After four days into a national bank holiday in Cyprus, the need for cash in business transactions has become so tight, that on March 20, it is being reported that retailers and customers are resorting to barter as their inability to access cash and credit has almost completely frozen the nation's economic system.
Bloomberg Onsite Reporter: Well there is definitely a cash crunch, and I'll give you one example. I've been hoarding my cash, and for the first time today, I busted it out to buy some sandwiches at a sandwich shop. I gave the guy 20 euros, and he gave me back 15 (euros)... and he didn't have any change, so he gave me two Kit-Kat bars. - Bloomberg
The country of Cyprus has been under a bank holiday, and complete freezing of customer assets since Saturday, with the government reporting that banks will not be re-opening until at least next Tuesday, some six days away. This means the liquidity crisis for citizens and businesses will only get worse, with the potential for runs on merchandise, expanded barter, and black market selling increasing each day the flow of money remains halted.
Additionally, the government of Cyprus is installing massive capital controls on customer accounts, as the expectation of a bank run is high once the banks re-open at a later date. Confidence in the banking system, especially after Cyprus officials attempted to impose a wealth tax on people's savings accounts three days ago, is preparing many to see this as a rehearsal for worsening circumstances all across the European Union.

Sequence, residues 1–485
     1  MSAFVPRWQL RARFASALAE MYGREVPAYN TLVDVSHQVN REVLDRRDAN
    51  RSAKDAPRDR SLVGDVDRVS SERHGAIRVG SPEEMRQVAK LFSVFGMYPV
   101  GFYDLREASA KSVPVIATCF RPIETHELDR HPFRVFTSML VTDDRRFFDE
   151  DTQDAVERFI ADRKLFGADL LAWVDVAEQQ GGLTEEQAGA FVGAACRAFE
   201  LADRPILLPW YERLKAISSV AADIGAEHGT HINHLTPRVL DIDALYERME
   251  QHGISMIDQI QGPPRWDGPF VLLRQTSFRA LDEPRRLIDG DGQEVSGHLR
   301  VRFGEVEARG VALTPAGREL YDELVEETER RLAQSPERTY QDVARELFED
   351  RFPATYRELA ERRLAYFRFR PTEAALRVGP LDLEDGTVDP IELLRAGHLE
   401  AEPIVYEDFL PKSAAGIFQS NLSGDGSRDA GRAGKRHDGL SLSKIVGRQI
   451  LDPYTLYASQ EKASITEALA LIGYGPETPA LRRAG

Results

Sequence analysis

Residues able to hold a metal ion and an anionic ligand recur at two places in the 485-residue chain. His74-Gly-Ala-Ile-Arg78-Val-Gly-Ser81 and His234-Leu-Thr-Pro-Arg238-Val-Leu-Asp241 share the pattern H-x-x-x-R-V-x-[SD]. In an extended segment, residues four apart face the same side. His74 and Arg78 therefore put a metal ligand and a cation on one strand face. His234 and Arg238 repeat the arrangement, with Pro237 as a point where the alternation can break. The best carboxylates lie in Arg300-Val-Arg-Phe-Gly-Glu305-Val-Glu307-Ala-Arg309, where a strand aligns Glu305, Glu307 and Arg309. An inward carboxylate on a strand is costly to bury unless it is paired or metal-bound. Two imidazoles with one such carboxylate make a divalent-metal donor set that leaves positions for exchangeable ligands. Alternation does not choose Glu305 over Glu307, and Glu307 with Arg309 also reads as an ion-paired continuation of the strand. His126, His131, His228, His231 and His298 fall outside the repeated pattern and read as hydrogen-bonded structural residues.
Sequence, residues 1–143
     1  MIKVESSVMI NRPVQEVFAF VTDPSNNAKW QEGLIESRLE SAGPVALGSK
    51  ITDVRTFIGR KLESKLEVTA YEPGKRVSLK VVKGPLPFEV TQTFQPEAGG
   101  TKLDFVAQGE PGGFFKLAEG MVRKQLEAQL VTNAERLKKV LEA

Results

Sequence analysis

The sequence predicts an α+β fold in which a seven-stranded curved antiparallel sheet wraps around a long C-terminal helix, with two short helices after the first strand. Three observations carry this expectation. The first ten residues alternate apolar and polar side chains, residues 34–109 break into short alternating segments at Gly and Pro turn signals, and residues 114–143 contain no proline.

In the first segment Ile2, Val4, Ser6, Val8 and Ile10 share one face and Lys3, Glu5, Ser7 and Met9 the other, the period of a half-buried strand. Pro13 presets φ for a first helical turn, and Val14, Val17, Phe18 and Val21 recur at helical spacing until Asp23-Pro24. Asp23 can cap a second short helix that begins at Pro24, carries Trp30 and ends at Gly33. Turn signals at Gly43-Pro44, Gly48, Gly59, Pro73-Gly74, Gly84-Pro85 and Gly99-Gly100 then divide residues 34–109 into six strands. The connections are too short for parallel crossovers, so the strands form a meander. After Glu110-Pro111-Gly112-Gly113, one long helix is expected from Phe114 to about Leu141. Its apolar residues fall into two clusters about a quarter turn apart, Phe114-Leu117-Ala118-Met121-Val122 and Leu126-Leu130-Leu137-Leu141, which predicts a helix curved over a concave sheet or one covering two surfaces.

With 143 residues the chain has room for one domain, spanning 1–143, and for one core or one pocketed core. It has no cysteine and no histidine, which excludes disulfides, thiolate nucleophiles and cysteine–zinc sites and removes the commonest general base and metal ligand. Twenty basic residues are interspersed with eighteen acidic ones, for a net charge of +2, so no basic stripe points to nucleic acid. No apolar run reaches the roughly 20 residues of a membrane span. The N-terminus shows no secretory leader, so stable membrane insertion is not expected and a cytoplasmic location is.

In today's electronic and global monetary systems, trust and reliance upon banks, and the money they channel, is very delicate, and highly illiquid as most institutions rely upon digital currencies more than they do paper ones. And for the people of Cyprus, their inability to use digital bank cards to perform necessary transactions is quickly forcing citizens and businesses alike to resort to barter when the medium of money is no longer available.